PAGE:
Value for Institutions

Sharing on Campus


SNAAP institutions have chosen to share their SNAAP data on campus in a number of ways:

  • The University of Utah College of Fine Arts used SNAAP data as the impetus for implementing a two-day ArtsForce Conference for current College of Fine Arts undergraduates to attend events and workshops that prepare them to understand and articulate the transferrable skills they are developing-and ultimately ease the transition from college into the modern workforce.
  • The College of Fine Arts at the University of Texas at Austin developed a Web page that succinctly displays selected findings from SNAAP and other institutional data through eye-catching graphics.
  • The College of Creative Arts at West Virginia University is sharing key SNAAP results - with national comparisons - on this creative Web page.
  • Purdue University published a four-page report of its SNAAP data as part of a monthly Office of Institutional Research report series. It includes selected data and some helpful graphical representations of the data. Click here to view an example.
  • Miami University of Ohio produced a one page Assessment Brief that that was published by its institutional research office.
  • Virginia Commonwealth University has adapted a year-long strategy to roll out its SNAAP results. Read an overview, provided by Sarah B. Cunningham, Executive Director of Research, VCUArts.

Alumni and Donor Outreach

Sharing SNAAP data can be a means of communicating thanks to alumni for their participation in the study. The accountability demonstrated by sharing data can also help you develop and maintain relationships with new and existing donors. Some example below show how institutions have used SNAAP data to reach out to their alumni and donors:

  • The Houston School of the Visual and Performing Arts shared alumni comments in its quarterly newsletter sent to donors, parents, alumni and friends.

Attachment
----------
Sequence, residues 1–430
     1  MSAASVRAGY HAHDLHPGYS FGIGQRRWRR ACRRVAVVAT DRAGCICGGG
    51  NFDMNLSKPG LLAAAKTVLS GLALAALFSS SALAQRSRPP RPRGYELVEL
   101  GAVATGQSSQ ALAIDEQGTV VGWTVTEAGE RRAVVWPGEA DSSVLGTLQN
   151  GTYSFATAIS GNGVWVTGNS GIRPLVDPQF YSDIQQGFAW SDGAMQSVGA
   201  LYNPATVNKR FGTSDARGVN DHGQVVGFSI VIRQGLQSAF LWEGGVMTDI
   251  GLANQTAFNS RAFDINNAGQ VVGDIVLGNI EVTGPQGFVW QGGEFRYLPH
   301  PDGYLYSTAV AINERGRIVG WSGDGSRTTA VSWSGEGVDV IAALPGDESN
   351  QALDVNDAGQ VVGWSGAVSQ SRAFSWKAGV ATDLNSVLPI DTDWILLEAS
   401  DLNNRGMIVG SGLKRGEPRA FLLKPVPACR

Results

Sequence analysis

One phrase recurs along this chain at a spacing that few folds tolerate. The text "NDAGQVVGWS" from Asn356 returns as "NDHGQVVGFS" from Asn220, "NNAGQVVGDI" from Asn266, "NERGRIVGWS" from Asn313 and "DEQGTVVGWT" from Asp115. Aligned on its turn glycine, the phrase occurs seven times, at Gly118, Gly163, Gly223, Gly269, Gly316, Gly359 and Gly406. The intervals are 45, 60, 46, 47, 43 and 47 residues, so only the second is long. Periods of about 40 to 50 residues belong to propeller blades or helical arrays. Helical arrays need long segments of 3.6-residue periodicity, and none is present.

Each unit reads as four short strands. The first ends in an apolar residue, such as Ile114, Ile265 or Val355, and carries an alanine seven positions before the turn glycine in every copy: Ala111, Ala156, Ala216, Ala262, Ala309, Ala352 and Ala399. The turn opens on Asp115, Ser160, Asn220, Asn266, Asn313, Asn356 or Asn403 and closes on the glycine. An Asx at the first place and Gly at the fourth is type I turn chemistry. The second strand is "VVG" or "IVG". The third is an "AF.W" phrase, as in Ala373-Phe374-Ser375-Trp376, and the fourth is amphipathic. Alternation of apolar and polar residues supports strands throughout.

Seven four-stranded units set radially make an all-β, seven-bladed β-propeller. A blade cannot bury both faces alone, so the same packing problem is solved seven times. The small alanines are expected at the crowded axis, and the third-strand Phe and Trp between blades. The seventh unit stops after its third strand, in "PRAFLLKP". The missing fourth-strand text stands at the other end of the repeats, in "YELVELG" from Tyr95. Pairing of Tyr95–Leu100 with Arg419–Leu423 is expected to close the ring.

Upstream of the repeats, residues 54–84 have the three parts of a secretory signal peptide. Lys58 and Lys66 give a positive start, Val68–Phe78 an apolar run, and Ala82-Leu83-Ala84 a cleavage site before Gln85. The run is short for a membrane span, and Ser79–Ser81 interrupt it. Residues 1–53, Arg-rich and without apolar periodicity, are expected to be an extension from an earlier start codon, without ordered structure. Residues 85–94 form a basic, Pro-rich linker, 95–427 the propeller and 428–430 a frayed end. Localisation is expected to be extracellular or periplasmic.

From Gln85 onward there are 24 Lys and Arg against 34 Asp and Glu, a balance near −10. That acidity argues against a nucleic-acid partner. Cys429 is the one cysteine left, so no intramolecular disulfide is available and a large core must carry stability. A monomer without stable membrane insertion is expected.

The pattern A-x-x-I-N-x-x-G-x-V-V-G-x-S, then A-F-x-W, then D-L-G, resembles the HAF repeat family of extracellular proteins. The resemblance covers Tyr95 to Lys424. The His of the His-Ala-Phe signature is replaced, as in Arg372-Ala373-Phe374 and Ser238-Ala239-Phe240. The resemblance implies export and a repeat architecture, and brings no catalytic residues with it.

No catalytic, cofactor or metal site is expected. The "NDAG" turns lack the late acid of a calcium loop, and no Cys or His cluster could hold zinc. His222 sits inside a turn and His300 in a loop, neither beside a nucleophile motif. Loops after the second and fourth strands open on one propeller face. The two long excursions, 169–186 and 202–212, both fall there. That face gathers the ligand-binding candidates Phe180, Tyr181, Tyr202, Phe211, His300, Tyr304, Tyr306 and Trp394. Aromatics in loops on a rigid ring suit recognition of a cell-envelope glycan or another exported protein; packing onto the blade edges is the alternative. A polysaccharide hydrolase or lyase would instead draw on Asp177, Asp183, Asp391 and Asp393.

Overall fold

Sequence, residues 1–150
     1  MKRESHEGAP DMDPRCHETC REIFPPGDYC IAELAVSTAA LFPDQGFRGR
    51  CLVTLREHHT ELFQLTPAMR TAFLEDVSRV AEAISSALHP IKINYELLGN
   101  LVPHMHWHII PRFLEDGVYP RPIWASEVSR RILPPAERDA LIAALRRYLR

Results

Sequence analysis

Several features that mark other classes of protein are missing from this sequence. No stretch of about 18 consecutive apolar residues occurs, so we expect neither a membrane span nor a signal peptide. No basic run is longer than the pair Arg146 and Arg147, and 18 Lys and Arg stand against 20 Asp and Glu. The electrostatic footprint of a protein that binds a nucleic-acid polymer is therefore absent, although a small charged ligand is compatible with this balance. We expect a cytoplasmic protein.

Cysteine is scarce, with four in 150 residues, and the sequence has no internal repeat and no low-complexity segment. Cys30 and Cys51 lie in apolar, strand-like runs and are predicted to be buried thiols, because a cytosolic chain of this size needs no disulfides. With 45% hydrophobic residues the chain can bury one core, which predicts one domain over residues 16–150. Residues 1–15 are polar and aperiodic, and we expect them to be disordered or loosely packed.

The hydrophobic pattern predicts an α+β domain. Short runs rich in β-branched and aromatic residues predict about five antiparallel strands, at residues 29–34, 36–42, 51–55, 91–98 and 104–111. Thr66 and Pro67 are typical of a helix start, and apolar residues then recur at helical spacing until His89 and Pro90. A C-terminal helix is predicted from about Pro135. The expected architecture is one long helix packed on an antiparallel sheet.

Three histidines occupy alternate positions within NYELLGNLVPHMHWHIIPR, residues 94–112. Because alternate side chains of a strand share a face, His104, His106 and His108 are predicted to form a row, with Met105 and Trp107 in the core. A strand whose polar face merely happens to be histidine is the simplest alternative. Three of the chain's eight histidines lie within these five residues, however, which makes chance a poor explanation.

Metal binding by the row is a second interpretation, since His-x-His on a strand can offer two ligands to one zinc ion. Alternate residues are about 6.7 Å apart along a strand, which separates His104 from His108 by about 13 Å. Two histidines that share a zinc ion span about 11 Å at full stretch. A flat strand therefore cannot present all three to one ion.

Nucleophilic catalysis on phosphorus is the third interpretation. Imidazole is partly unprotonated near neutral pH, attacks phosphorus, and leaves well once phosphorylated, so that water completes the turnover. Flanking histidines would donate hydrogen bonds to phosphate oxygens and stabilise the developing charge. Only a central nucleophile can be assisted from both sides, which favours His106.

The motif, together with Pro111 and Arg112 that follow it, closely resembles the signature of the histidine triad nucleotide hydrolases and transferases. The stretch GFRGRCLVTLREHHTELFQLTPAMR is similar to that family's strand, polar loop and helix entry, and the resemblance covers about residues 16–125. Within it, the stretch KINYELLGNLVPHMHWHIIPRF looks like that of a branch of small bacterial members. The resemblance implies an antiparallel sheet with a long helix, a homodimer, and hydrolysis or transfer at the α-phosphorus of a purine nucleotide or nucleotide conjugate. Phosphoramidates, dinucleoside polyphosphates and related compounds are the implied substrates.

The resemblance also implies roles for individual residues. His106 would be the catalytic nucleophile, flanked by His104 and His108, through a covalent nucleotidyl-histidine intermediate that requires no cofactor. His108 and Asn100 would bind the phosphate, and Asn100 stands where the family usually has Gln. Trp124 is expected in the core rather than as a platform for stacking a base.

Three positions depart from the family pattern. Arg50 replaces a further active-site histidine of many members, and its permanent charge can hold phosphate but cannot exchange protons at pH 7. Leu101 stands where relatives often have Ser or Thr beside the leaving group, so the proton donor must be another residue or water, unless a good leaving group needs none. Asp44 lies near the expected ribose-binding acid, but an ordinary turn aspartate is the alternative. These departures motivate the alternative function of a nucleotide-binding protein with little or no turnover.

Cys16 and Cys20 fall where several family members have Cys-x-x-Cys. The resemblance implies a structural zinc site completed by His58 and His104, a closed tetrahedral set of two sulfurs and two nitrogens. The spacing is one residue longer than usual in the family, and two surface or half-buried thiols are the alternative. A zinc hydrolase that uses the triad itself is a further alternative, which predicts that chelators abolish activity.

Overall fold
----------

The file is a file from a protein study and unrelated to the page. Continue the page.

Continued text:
• The College of Fine Arts at the University of Texas at Austin began sharing its SNAAP results in 2011 with the Dean's letter in its quarterly print publication.
  • The College of Fine Arts at the University of Texas at Austin also developed a Web page that succinctly displays selected findings from SNAAP and other institutional data through eye-catching graphics.
  • The Herron School of Art and Design at Indiana University Purdue University Indianapolis created a Web site to share selected SNAAP findings and also profiles one alumna's story and the value of her arts education.
  • The Houston School of the Visual and Performing Arts shared alumni comments in its quarterly newsletter sent to donors, parents, alumni and friends.

Recruitment

Previous SNAAP participants have used SNAAP data as part of their recruitment efforts.

  • Herron School of Art and Design at IUPUI created a printed brochure with alumni testimonials drawn from open ended SNAAP questions.
  • Kent State University shared selected data from SNAAP's 2011 aggregate findings in a recruitment Web page.

Assessment & Curricular Change

SNAAP data can be used for assessment, accreditation and curricular change. For example, the SNAAP survey asks alumni to rate the importance of 16 different skills and competencies to their current profession or work life (whether they work in the arts or in a different occupation).